I'm compiling this page in two sections:
FISH & CHIPS
The main UK varieties for the fish and chip trade are Maris Piper, Cabaret, Victoria and Markie.
Maris Piper is still the favourite. Cabaret is whiter, bred by Cygnet PB (2001) in Cambridge, with a distinctive flavour. Victoria is a Dutch potato, yellow fleshed, recent (around 2000) with more water content than Cabaret; Markie is Dutch and newer, and becoming dominant in the fish and chip industry. It has a slightly milder flavour than the others, and looks good (pale golden brown) on frying.
The dry matter figures for the four varieties are 7,7,5 and 7, though this obviously depends on how long they are stored. Potatoes get drier and more floury on storage through the winter.
The dry matter content decides the greasiness of the chip. If it's too high (the highest figure possible is 9, which corresponds to about 25% starch) the chips are very dry and absorb virtually no oil; the texture is stiff and a bit like cardboard. If the dry matter is too low, lots of oil is absorbed and the chip is rather flexible and greasy.
The ideal chip is intermediate; crisp on the outside but fluffy in the centre, and not too greasy. In the above list, Voctoria has less dry matter and forms a more flexible, wetter chip.
As a rule, the average chip shop customer doesn't care about variety or dry matter; he just wants a good chip, all the year round. This creates a problem, because the best chipping potatoes don't always store through the winter. this is why you need a mix of types.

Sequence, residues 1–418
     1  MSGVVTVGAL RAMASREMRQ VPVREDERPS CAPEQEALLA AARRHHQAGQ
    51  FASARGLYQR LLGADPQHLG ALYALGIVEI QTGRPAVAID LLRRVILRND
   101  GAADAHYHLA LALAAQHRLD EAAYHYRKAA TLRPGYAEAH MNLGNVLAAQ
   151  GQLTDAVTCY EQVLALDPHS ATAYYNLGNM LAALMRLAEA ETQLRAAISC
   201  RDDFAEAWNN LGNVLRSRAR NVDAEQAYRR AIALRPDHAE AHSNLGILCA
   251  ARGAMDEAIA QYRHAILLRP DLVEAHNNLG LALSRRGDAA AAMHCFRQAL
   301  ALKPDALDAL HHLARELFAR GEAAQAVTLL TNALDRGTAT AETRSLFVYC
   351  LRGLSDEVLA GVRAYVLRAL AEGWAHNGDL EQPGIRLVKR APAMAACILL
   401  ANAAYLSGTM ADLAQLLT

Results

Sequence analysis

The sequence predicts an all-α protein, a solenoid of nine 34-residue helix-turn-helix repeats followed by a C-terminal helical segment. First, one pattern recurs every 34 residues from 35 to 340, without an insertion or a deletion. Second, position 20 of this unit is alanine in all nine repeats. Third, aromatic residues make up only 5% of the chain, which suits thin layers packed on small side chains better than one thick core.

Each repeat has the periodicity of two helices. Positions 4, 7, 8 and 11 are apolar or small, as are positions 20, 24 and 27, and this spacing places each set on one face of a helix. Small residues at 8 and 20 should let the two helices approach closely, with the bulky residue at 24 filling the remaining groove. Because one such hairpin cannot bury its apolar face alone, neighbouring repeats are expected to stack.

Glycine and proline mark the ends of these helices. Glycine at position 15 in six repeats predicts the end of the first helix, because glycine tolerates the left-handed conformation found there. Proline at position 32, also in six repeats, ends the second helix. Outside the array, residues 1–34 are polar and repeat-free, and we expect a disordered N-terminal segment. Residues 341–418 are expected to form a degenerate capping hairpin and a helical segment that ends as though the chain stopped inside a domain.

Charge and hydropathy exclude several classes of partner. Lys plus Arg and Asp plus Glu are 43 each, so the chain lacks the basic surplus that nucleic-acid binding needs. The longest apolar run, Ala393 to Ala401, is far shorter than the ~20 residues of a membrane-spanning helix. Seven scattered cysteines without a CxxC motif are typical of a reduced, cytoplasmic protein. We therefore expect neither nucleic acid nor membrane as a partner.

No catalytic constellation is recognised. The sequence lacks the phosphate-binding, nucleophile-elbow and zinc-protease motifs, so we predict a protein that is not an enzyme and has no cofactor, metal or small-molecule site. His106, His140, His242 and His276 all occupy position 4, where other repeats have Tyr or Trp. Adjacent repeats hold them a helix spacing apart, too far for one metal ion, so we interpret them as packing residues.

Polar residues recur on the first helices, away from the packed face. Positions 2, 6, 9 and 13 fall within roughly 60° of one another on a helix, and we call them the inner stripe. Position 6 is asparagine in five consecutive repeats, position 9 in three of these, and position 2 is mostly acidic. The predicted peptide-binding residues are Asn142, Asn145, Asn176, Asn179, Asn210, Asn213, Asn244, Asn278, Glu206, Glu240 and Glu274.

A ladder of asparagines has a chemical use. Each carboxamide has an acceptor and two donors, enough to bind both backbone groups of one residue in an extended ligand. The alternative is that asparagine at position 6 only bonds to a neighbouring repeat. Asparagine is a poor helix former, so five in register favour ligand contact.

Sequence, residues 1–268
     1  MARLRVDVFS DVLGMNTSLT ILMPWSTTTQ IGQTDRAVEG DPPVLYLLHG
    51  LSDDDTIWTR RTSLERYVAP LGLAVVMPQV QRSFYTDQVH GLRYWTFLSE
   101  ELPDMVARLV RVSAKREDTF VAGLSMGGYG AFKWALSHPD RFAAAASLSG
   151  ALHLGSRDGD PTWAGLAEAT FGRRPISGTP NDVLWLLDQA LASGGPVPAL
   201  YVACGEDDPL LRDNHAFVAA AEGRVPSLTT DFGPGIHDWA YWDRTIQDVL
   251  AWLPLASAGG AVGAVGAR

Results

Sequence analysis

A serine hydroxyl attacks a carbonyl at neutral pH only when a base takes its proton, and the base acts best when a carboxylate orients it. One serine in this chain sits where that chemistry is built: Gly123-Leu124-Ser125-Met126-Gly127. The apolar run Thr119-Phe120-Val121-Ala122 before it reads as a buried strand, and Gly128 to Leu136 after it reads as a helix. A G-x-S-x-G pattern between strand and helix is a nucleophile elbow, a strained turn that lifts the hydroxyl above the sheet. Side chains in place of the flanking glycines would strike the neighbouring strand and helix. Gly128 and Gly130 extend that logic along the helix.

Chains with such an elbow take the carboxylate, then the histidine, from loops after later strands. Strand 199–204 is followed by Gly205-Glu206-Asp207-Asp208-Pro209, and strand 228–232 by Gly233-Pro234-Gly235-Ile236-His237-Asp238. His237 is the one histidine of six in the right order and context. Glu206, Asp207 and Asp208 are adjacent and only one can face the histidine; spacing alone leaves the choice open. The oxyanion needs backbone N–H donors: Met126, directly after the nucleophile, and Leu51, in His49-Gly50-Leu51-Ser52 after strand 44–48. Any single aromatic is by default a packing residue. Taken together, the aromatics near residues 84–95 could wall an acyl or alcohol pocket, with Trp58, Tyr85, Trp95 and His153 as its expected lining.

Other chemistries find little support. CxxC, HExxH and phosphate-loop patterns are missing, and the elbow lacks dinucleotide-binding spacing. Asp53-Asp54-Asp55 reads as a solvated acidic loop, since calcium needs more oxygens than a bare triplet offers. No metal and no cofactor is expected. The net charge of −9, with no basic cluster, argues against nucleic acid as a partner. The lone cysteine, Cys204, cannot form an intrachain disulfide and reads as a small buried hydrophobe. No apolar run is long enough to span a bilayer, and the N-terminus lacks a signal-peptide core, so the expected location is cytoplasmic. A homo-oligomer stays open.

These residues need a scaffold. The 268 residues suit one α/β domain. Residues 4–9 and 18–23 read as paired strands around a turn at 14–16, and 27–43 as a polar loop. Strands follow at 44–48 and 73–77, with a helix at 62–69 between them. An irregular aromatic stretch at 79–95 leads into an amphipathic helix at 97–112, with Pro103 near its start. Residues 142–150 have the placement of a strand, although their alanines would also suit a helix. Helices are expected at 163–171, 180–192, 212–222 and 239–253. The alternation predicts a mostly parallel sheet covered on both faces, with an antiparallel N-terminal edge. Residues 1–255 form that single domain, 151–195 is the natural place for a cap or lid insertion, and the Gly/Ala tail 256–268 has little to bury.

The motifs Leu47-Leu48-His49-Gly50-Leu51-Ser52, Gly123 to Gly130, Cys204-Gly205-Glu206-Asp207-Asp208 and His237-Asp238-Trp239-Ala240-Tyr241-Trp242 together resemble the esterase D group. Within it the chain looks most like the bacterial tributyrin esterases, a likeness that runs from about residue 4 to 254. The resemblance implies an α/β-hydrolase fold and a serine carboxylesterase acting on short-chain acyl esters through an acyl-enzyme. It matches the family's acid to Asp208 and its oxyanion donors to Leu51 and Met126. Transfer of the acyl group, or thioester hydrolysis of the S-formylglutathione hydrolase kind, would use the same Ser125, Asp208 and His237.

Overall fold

FROZEN / OVEN CHIPS
Frozen chips are sold to caterers and to the supermarkets, for cooking at home in the oven. The market is dominated by McKains, who buy 13% of the UK potato crop, and whose chips are found in 70% of British freezers.
As for the fish-shop chip, a sequence of varieties has to be used to ensure a steady supply of even quality through the year. The problem time is May-June, when old potatoes are coming to the end of their life, and new ones are not yet ready.
The sequence of spuds they use is:
PREMIERE - SHEPHERDIE - PENTLAND DELL -MARIS PIPER - RUSSET BURBANK.
PREMIER is Dutch, and has a rare property for a first early -it has dry flesh (yellow) which will fry. Dry matter content is 6.
SHEPHERDIE is a variety I know nothing about but I guess it's a second early, fairly dry.
PENTLAND DELL has dry matter 7, and good tuber shape and size for chipping. It will last for much of the winter, and huge acreages are grown. It is the main chipping variety used by McKains.
MARIS PIPER is used during and after Pentland Dell. It is an excellent chipping potato.
RUSSET BURBANK is used at the end of the season. It is not the best potato in the world, and it is probably more susceptible to blight than any other variety, but it has a special property - it stores extremely well, and makes decent chips right at the end of the season, just before the new potatoes become available.
For chips, McKains need long, even-shaped potatoes of decent size. Their own seed potatoes are grown in Scotland, and they are always looking out for varieties which are suitable for chipping and which need lower amounts of pesticide, fertiliser and water.
As for organic chips, these are not available commercially. There are not enough organic potatoes grown for a sustainable product line.
The chip-making process involves blanching the chips, which brings the sugar levels to an acceptable value, so that when cooked, they will have a light golden colour. Too much sugar means darker chips. They are then fried for 90 seconds, then cooled slowly in a cooling chamber, and then packaged. When cooked in an oven they will produce a chip crisp on the outside but soft and fluffy inside.
Sunflower oil is used for the frying, and it is sourced in France. McKains uses about 11,000 tonnes per year.
In the UK, 15% of the chips eaten are oven chips of this kind. In Belgium the figure is about 3%.
Much of the information above came from an edition of "The Food Programme", broadcast on radio 4 during June 2010.
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